Last year 93 Bcf was withdrawn for the week, and the five-year pace stands at a 138 Bcf decline.
"I think the market is in kind of grey area," said a New York floor trader. "The market has to hold here, but right now it looks like a weak hold. I think the market will work its way lower."
"The 152 Bcf net withdrawal from storage for last week was right in line with market expectations and so neither a bullish nor bearish surprise," said Tim Evans of Citi Futures Perspective. However, we note that the report included a 5 Bcf reclassification of working gas as base gas, with the implied flow out of storage at a weaker 147 Bcf rate.
"While the data for last week looks moderately supportive compared with the 138 Bcf five-year average draw, we note that the market lacks a follow-up support, with the warming trend that followed last week's cool temperatures likely to translate into weaker storage withdrawals and weaker comparisons over the next few reports."
Inventories now stand at 2,559 Bcf and are 325 Bcf less than last year and 45 Bcf greater than the five-year average. In the East Region 49 Bcf was withdrawn, and the Midwest Region saw inventories decrease by 45 Bcf. Stocks in the Mountain Region fell 9 Bcf, and the Pacific Region was down 13 Bcf. The South Central Region dropped 36 Bcf.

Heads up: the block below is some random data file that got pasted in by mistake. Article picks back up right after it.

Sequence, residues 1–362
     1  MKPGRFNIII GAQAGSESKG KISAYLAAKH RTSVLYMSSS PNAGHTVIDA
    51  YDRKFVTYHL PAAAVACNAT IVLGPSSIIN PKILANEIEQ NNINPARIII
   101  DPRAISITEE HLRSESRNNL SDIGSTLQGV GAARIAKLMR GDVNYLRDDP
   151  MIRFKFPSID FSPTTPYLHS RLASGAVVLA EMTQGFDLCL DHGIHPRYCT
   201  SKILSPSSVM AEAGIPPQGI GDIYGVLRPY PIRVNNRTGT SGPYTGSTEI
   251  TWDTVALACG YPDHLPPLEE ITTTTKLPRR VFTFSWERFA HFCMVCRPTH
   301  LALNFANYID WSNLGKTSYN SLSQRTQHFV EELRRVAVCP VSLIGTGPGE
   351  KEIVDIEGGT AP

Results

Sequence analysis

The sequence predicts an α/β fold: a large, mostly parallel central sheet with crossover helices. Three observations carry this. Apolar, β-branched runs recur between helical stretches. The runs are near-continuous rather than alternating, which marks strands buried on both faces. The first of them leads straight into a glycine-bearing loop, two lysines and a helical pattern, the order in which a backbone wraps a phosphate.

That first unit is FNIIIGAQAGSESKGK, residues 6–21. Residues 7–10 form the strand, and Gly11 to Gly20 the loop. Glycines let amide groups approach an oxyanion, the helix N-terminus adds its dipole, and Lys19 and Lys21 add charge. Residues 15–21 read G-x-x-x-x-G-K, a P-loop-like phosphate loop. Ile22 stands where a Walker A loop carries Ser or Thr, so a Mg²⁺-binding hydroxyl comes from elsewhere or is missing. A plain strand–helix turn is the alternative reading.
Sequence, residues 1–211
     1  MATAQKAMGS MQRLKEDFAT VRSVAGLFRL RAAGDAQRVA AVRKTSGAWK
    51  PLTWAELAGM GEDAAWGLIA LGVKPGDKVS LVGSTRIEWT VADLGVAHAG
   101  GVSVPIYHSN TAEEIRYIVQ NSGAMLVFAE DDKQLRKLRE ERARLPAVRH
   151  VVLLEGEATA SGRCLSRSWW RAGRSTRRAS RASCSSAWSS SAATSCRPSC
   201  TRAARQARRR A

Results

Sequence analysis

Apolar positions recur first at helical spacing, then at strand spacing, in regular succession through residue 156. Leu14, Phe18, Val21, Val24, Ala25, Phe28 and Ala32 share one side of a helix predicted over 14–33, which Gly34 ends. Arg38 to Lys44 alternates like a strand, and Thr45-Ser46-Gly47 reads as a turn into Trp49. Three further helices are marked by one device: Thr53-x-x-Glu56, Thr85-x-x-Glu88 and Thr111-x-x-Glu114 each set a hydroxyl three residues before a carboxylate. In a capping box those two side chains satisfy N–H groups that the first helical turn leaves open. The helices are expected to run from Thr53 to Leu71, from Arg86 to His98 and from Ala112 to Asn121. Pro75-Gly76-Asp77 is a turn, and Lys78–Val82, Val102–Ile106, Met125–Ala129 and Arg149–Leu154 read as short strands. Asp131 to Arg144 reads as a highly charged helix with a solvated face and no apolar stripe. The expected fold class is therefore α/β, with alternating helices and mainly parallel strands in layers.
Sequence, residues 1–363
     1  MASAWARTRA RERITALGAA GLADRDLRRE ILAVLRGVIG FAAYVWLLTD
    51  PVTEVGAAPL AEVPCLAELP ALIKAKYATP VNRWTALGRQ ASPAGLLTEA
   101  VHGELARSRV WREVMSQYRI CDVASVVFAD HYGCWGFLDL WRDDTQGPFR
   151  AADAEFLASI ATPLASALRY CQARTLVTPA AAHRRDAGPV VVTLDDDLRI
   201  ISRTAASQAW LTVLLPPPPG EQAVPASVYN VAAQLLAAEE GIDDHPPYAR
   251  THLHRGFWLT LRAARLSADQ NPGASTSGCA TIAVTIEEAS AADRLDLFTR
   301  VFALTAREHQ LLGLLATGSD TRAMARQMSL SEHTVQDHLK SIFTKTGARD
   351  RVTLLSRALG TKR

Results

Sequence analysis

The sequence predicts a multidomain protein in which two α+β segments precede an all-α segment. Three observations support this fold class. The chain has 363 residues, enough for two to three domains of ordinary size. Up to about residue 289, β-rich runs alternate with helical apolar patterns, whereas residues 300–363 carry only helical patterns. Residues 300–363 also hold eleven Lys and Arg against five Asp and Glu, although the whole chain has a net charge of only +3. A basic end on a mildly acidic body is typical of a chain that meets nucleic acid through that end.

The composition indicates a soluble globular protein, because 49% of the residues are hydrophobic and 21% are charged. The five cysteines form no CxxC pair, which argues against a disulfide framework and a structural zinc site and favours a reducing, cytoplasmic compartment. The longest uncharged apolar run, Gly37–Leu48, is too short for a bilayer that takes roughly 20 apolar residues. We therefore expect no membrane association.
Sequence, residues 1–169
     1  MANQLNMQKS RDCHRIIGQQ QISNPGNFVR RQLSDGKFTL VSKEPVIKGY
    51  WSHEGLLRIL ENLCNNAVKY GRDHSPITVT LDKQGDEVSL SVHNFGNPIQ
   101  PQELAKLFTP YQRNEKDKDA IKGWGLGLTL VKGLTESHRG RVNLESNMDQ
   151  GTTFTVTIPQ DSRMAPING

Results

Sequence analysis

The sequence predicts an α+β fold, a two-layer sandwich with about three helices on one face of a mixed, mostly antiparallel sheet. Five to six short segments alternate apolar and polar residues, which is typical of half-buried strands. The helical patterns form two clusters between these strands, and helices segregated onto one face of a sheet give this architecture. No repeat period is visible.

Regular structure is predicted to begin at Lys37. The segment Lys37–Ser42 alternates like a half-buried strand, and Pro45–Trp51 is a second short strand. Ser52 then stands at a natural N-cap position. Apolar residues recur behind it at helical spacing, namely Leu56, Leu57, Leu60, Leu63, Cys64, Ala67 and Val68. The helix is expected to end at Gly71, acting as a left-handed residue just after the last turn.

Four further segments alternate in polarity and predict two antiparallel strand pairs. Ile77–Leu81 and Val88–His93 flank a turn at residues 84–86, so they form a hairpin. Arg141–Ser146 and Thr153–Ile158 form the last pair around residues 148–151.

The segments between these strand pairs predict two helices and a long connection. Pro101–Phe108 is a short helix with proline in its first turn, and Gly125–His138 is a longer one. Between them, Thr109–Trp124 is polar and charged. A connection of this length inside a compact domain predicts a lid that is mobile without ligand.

The AccuWeather.com forecast notwithstanding, traders don't see a lot of market upside. "We remain unenthusiastic about being a buyer in the market at the present time," said Al Levine, principal at Powerhouse LLC, a Washington DC-based trading and risk management firm.
"We don't think there is much likelihood of the market advancing, and the pattern of low heating degree days has really made a difference. With the return of even warmer weather the likelihood is that we will break down under $3.20 and test down to $3, and in general continue to move lower. The only bullish factor is the expansion of LNG exports."
Market technicians are in the same boat. In spite of being able to hold $3 technical support, analysts versed in Elliott Wave and retracement see the market heading lower. "Bullish case, $3.006 marked the end of (C) in an ABC pattern down from the $3.994 high," said Brian LaRose, an analyst with United ICAP. "Bearish case, this low merely represents the end of wave ‘1’ of (C). At this time we are inclined to favor the latter. So for now at least, we will be labeling any sideways to higher prices as corrective in nature. To indicate something more bullish is taking hold would require a breach of $3.383-3.390.”
Longer term, forecasters are predicting a slight cooling trend but heating requirements remain less than average. "[Thursday's] six-10 day period forecast is on average cooler than yesterday's forecast over the eastern half of the U.S.," said WSI Corp. in a Thursday morning report to clients. "CONUS GWHDDs are up 3.2 to 121.6 for the period, [but] these are 14.3 below average.
WSI said confidence in the forecast was average as the medium-term models were in good agreement, but "A potential amplified flow and PNA [Pacific North America] correlations offer a warmer risk over the West and Front Range, but a colder risk over the southern and eastern U.S."